At Saturday’s federal election, South Australia has just one truly marginal Lower House electorate. While some punters were tipping surprise results in the seats of Sturt and Mayo, most commentators (and bookies) now expect the 90 per cent of South Australians who don’t live in Boothby will wake up on May 19 with the same political party representing them at a federal level as they had the day before.
So what does that mean for us electors in SA – should we just throw up our hands and accept that how we vote in this election won’t have an impact?
Absolutely not. And that’s because, no matter where you live in South Australia, how you vote in the Senate at this election will play an important role in shaping the political and legislative outcomes of the next federal Parliament.
At The Australia Institute, we do regular polling of the electorate to see how people are planning on voting in both the Lower House and the Senate at upcoming elections. That research has shown us that while either Labor or the Coalition will form government after the election, neither of them has any chance of getting majority control of the Senate at the same time.
Who the future government will have to work with in the Upper House will be decided by voters in just a handful of states with tight Senate contests across the country. South Australia is one of those close contests and the outcome here could have a significant bearing on whether the next government’s policies in areas like climate change, taxation and health spending will be passed or blocked by the Upper House.
With six seats up for grabs in each state, our polling indicates that both the Labor and Liberal parties are likely to gain two SA Senate seats each, but neither are on track to win a third. That leaves two Senate spots for the minor parties and independents to fight for.
The three parties vying for those final two seats are The Greens, One Nation and Centre Alliance.
That prediction is based on several rounds of state-wide Senate polling over recent months, but it’s also important to remember that anything could actually happen on election day. Labor could get a third Senate seat in South Australia, as their numbers have been improving in recent weeks, and even the United Australia Party will be a chance if their advertising blitz continues to yield results.
What’s not in doubt is the fact that how South Australians choose to vote at this election, especially when it comes to the Senate, will have serious implications for the future of our country.
With so much on the line, we believe it’s important for people to understand how the Senate’s new optional preferential voting system, introduced in 2016, actually works.
The old rules meant people voting above the line in the Senate were instructed to number just one box and any subsequent flow of preferences was then left up to agreements negotiated between the parties. Under the new rules, people need to number at least six boxes above the line or at least 12 below the line. If the voter chooses to stop at the minimum number of options, and no-one they opt for receives enough votes to secure a seat, their vote will be wasted.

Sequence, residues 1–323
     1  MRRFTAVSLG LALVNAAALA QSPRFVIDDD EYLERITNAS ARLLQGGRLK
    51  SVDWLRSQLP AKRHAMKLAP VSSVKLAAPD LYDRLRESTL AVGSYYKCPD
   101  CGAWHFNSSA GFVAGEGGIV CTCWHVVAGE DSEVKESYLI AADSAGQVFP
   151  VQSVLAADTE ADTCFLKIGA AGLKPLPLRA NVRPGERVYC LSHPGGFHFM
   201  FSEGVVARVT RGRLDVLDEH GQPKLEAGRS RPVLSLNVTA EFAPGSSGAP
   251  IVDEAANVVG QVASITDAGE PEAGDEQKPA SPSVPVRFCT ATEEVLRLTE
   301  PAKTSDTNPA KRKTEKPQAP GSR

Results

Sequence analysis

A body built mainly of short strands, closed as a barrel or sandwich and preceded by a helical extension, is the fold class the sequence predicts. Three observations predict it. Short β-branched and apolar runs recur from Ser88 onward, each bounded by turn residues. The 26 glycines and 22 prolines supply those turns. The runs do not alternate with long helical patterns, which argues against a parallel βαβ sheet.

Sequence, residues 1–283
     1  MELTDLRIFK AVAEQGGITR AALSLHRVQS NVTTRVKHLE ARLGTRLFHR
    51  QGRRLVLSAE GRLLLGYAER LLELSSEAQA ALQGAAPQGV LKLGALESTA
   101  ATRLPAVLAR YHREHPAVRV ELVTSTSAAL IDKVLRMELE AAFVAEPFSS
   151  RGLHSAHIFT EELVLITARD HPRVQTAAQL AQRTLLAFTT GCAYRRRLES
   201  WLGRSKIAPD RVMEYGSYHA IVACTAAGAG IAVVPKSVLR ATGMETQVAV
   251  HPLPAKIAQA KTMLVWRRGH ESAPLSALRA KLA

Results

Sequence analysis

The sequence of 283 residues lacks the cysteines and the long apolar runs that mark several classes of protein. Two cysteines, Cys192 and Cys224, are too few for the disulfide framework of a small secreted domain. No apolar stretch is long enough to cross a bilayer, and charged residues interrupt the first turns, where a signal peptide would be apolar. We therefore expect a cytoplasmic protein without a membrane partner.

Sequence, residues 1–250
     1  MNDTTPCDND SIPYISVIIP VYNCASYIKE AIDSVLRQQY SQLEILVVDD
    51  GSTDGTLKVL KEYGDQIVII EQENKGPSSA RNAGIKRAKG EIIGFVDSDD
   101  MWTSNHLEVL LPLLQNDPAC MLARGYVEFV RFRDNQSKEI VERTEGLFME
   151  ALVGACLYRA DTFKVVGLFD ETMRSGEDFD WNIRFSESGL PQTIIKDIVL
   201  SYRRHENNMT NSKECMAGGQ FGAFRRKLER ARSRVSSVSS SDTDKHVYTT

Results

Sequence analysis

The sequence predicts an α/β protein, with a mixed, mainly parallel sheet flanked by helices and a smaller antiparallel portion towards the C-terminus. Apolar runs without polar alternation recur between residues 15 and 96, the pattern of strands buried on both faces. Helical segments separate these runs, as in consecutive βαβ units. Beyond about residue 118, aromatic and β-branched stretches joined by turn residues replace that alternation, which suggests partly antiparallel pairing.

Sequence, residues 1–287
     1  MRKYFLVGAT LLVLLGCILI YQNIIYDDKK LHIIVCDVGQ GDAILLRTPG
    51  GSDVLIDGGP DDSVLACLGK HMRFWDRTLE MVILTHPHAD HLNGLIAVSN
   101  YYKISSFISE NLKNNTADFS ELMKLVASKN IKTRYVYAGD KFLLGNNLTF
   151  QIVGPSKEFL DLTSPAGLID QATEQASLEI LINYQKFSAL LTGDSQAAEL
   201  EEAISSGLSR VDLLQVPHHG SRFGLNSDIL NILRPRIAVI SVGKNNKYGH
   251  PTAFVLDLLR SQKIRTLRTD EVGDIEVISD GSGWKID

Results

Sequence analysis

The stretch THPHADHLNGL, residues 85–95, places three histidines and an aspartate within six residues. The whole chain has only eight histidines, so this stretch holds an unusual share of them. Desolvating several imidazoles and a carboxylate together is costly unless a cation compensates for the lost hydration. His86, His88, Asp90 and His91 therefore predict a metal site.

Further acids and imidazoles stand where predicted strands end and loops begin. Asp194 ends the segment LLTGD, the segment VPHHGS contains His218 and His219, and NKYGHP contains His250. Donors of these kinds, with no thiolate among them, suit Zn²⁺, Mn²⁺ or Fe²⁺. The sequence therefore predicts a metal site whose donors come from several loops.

That means, to guarantee your vote actually has an impact, you now need to number every box above the line, giving your number one vote to your favourite candidate and your last number, which is 16 for us in South Australia, to your least favourite option. The same is true for voting below the line.
Confused? If so, you’re not alone.
Late last year The Australia Institute commissioned national polling, in which we gave respondents the actual text instructions printed on the new Senate ballot papers and asked them a range of questions about their understanding of the rules. The results were very concerning.
Almost one in two voters (47 per cent) thought they should give their sixth preference above the line to “the party they dislike more than any other party on the ballot paper” rather than their sixth favourite party, which is the case.
Furthermore, a third of voters (32 per cent) incorrectly said numbering beyond six options disqualifies the voter’s ballot paper, when it’s actually the only way to guarantee your vote will have an impact.
The change to the Senate voting rules was designed to give voters greater control over where their vote would go if their first option wasn’t successful in winning a seat – a noble aim to be sure. But our research has shown that there is broad confusion about the new rules that may inadvertently lead to voters mistakenly giving their vote to a candidate that they do not support.
Our Senate choice is so important this time round and more people are heading to pre-poll stations and voting early than in any previous election. That’s why I’m urging all South Australians to go to the Australian Electoral Commission website – aec.gov.au – where they can practice voting in the Senate to make sure that their vote counts.
Noah Schultz-Byard is The Australia Institute’s SA projects manager.